“I thought, I’ve got to learn to make a living,” she said. “When John left I was so terrified to be alone I didn’t know how to survive.”

But she also thought to herself, “When you have a fear, you face it. I thought, where is the scariest place I know? New York. So I moved there for the summer.”

There she enrolled in the Art Students League, a school for artists. She studied portraiture, and after the summer was over she set up a studio in her home and did commissioned portraits.

While she did make money it still wasn’t enough to make ends meet. She moved out of the house on Missouri Heights, got a little apartment in Glenwood Springs and went to work at the Hot Springs Pool as a bookkeeper.

By that time she was 50 years old, the kids were grown and on their own, and she realized she had a world and a life to find.

All her life she’d wanted to go to Alaska, but family and marriage conspired against that dream.

When she broached the idea at work her friends scoffed.

“They said, `You can’t get in your car and go to Alaska,'” she said.

But one of her co-workers had worked for British Petroleum in Denver and suggested Webb get on with the company there. Then she could put in for a transfer to Alaska.

She did just that, and moved to Littleton.

“I had no money and no furniture. I look back on this time, but I’m so Pollyanna I didn’t feel put upon,” she said.

About a year later, in 1984, BP closed its Denver office and Webb was out of a job.

But not out of moxie.

The company gave her a $1,800 severance payment and said they’d help find her another job.

“So I got in my car” and soon found herself getting on the ferry in Seattle.

There she met three men who were also on their way north. They decided they would drive in caravan. Once she and her companions spent the night over a bar. On the ground floor the bar was swinging all night with rollicking Eskimos, she said.

“I got into Anchorage and went to BP. I got all dressed up in my navy suit and high heels. But they wouldn’t hire me,” she said.

However, Webb was persistent. A few times a week she would go into the office and say she had something to add to her resume, “so it would go back to the top” of the pile.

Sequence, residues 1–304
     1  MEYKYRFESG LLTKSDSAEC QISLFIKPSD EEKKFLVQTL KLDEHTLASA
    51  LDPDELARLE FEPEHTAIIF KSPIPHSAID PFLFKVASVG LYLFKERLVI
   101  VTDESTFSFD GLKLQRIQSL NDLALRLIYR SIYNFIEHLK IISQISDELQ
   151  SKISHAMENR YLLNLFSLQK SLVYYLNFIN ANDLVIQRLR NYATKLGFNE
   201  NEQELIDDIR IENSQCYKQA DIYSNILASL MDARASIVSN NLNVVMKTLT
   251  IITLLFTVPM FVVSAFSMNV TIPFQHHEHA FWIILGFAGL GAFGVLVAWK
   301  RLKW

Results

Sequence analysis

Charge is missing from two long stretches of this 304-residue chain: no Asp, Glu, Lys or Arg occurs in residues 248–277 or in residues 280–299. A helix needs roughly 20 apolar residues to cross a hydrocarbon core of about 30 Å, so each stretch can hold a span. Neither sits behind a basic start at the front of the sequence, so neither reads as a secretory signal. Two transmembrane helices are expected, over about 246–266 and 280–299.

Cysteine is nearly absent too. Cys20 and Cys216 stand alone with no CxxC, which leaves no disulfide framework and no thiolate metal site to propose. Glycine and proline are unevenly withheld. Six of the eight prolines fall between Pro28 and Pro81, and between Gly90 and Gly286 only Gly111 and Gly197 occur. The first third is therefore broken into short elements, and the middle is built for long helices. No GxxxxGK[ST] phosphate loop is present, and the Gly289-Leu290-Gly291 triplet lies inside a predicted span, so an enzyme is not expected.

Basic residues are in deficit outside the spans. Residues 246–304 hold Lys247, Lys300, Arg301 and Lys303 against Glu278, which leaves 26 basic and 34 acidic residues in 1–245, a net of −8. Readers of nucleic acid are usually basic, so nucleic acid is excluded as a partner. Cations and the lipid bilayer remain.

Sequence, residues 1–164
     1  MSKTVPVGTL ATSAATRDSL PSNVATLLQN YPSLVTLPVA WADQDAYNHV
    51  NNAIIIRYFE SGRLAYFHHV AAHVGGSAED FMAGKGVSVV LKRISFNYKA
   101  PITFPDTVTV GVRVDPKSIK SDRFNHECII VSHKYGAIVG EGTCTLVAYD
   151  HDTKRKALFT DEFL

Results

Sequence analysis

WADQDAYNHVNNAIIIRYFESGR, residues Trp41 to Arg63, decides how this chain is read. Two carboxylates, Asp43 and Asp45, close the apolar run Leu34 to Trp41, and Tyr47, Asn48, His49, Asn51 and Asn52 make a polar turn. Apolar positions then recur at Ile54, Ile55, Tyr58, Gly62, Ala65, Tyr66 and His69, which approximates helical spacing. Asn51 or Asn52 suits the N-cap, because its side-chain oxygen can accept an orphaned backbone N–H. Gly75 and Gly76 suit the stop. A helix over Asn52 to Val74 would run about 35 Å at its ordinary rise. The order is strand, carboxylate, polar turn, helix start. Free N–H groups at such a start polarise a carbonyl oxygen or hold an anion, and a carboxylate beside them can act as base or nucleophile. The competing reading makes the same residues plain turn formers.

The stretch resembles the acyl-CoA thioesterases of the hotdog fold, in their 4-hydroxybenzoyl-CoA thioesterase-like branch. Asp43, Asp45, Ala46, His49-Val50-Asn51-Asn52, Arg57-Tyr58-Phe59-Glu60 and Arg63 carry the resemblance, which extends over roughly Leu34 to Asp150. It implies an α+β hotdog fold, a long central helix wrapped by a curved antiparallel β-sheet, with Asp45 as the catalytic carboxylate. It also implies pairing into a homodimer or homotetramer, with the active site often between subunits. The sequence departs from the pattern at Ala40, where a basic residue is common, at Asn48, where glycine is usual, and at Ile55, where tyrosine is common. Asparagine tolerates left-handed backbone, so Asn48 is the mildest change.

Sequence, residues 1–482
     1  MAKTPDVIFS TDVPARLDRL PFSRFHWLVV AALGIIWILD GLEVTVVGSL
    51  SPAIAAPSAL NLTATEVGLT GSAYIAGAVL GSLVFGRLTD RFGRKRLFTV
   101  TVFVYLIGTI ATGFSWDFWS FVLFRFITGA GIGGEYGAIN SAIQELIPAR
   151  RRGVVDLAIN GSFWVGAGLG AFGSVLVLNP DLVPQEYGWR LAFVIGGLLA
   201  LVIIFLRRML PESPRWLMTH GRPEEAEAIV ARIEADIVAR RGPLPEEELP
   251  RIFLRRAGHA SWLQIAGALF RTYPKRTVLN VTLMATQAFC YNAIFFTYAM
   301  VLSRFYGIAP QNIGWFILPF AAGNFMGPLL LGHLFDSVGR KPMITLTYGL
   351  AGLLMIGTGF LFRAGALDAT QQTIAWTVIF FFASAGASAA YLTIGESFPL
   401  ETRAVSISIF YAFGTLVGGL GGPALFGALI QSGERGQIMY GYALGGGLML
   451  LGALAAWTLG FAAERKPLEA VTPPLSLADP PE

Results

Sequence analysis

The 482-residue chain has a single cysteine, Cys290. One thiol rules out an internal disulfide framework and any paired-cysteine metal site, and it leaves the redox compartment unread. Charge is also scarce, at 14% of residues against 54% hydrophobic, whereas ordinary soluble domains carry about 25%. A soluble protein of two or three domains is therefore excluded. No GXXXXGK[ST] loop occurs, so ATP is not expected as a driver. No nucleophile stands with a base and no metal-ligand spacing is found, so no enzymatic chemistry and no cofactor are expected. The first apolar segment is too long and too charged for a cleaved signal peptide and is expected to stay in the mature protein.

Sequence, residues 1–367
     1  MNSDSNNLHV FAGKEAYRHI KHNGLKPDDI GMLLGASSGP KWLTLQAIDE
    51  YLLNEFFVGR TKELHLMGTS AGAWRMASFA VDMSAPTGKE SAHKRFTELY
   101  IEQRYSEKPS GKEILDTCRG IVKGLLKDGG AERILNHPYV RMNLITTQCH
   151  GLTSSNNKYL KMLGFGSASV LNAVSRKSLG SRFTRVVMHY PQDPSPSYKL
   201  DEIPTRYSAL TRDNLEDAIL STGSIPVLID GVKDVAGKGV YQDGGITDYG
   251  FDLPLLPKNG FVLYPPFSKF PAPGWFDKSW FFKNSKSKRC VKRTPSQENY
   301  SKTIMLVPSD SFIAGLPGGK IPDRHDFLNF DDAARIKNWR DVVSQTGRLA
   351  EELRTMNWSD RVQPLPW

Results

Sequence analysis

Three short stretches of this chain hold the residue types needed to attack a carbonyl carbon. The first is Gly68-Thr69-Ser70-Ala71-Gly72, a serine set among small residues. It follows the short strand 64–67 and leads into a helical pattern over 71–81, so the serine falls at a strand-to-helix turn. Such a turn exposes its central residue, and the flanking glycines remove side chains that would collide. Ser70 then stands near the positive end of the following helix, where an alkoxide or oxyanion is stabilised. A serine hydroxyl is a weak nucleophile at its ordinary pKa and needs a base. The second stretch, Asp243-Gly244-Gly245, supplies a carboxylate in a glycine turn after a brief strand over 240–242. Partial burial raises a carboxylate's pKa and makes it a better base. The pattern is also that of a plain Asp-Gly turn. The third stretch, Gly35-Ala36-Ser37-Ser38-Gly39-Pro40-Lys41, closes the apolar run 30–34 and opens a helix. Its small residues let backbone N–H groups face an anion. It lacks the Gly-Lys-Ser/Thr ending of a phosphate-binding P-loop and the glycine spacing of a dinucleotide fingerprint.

Finally her persistence paid off and she was hired to work in the Anchorage office.

Then she heard about the money to be made on Alaska’s North Slope, in Prudhoe Bay, where conditions were primitive and workers only spent one or two weeks at a time on the oil rigs or in the office.

She worked 12-hour shifts for two weeks and had two weeks off. At Prudhoe Bay she slept in staff quarters that were like a luxury hotel. The food was gourmet and free. The recreation opportunities were limited to TV and movies and exercise, but she didn’t mind.

She’d heard a co-worker in Anchorage describe Prudhoe as having “a woman behind every tree. Well, there’s no trees in Prudhoe. It’s totally flat and most of it’s frozen water. The buildings look totally sterile” because of strict environmental measures.

She joined the fire team and was trained to fight petroleum fires and hazardous spills. She also earned a bachelor’s degree in management.

“My life began again,” she said.

Perhaps it came a bit late, she added ruefully. “I’m a late bloomer, but I was living life.

“I didn’t spend any money there. I started to put money away. I paid off my condo in Anchorage and the house here,” she said.

Webb also bought a condo in Washington state for Duane’s mother.

“I did it for 15 years, until I was 65. I think I was the oldest person up there,” she laughed.

Two years ago she moved back to Missouri Heights. But she still has itchy feet. Webb is now at work remodeling her house, making it ready to sell. She now wants to move to Washington state.

“It’s too hot for me here, since I lived in Alaska,” she added.